The World Summit in pictures
Ben Ali, Ustumi, Annan and the rest...
WSIS Tunis Since the Internet is a multi-faceted beast, we felt it only right that we also make use of its ability to displays photos. As such here is a brief pictorial review of the World Summit in Tunis this week:
The World Summit saw just under 20,000 people turn up to a series of giant tents, otherwise known as the Kram conference centre. The first day saw long queues at the main entrance, not helped by the fact the metal detectors had been set too high and delegates' badges were setting them off. One of the main problems for people until late in the conference was getting food. For the first few days, and until the day after the main opening, all that was available was a brand of sandwich which no one had ever heard of, and are unlikely to do so again.
The opening ceremony saw Swiss president Samuel Schmid make some hard-hitting criticism of Tunisia's record for silencing and jailing critics of the ruling party and president Ben Ali. The leaders of virtually every western country stayed away from the Summit for that very reason, but the Swiss delegation later stated it had decided to come and talk about the problem. The Tunisians reacted very badly and the controversy was to plague the whole summit.
Before the Summit proper kicked off, there was the thorny issues of Internet Governance to be sorted. Finally, at the last minute, agreement was reached with some hard and fast diplomacy. The Swiss delegation played a minor role in the Net governance dispute but were later put under pressure following their president's criticism of the Tunisian government, when ministers were followed around by a Tunisian press pack demanding answers to questions about Swiss banking law.
Tunisia's policy of filtering the Internet across the country also came under increased criticism when the government blocked access to Swiss news site Swissinfo.org after it published its president's opening ceremony comments. President Ben Ali (pictured) has consistently promised a free and open Internet but extra-legal filtering measures remain in place.
The Net governance and human rights issues somewhat clouded what the Summit's main focus was intended to be - bridging the "digital divide", where rich countries push for 8Mbps broadband links, while poor countries, especially in Africa, have villages without even a phoneline. The Summit has pledged to connect up everyone in the world by 2015.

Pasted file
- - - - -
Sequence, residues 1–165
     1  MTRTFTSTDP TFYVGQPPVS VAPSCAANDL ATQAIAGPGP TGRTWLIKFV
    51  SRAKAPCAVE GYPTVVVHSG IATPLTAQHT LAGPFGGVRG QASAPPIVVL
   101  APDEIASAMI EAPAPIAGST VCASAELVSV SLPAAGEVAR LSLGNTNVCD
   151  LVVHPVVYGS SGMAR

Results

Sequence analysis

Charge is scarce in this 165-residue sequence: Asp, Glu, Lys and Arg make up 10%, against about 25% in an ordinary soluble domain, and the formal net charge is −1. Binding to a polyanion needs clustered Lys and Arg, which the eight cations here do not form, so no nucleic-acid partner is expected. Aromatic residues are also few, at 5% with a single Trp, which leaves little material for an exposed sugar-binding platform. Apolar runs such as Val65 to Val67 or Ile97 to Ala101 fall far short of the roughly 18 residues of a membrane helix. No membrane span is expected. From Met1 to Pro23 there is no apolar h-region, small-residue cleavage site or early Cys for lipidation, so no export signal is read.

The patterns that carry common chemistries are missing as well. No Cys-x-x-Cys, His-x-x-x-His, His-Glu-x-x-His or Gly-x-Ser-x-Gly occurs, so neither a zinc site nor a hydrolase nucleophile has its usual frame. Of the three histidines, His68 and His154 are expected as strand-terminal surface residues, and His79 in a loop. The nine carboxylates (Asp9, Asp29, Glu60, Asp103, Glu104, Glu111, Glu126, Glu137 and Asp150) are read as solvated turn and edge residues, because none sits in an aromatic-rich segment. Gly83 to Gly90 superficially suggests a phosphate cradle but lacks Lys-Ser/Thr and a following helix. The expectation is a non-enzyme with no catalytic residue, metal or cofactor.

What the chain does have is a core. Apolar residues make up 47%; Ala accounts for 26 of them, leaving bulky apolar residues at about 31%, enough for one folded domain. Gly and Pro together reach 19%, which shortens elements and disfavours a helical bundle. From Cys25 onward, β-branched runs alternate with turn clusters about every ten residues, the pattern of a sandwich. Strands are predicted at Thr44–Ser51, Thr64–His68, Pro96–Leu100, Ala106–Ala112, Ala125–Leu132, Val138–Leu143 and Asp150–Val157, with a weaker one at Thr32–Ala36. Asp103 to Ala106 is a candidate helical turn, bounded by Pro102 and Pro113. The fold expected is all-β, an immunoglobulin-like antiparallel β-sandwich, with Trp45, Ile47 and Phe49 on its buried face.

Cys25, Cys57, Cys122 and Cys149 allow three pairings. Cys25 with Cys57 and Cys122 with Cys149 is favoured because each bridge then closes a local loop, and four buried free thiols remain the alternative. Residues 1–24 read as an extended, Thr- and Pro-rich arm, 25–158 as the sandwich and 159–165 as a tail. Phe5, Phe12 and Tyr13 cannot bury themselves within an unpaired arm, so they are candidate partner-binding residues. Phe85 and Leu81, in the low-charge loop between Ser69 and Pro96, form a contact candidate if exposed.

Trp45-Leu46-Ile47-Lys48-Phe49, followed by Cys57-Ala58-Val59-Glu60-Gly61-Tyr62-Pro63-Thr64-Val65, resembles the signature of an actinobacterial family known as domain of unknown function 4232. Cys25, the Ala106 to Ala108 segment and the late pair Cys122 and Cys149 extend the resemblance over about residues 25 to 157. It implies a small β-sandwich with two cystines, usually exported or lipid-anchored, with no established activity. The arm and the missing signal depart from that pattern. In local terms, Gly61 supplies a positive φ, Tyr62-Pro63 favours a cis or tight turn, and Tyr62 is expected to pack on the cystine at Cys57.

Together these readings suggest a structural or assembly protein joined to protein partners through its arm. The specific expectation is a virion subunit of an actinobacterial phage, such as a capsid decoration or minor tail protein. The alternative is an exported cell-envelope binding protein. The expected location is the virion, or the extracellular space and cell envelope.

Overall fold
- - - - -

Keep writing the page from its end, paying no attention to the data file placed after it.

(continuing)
The Net governance agreement was reached largely thanks to the remarkable abilities of committee chair, Masood Khan of Pakistan (right). However, it still left the United States and ICANN in charge of the Internet, and ruined yet again the ITU's efforts to take over the Net. ITU secretary-general Yoshio Utsumi (left) then appeared to ignore the entire agreement when he told a closing press conference that the ITU was in the best position to take over the Internet in five years' time.
UN secretary-general Kofi Annan was on hand - although rarely for more than 10 minutes a time - to lend his remarkably self-controlled form of diplomacy to problems. One event he turned up to was the "launch" of the $100 laptop by Nicholas Negroponte. Despite having managed more column inches about the laptop this year than anything but the Iraq war, Negroponte admitted he still didn't have a single contract for the device. The press did their best to ignore a thick cable and a suspicious-looking box underneath the desk when the laptop prototype was "run".
Despite the Summit being about the future of the Internet and, in part, the world, the attitudes that dominated it remained very much in the Old World.®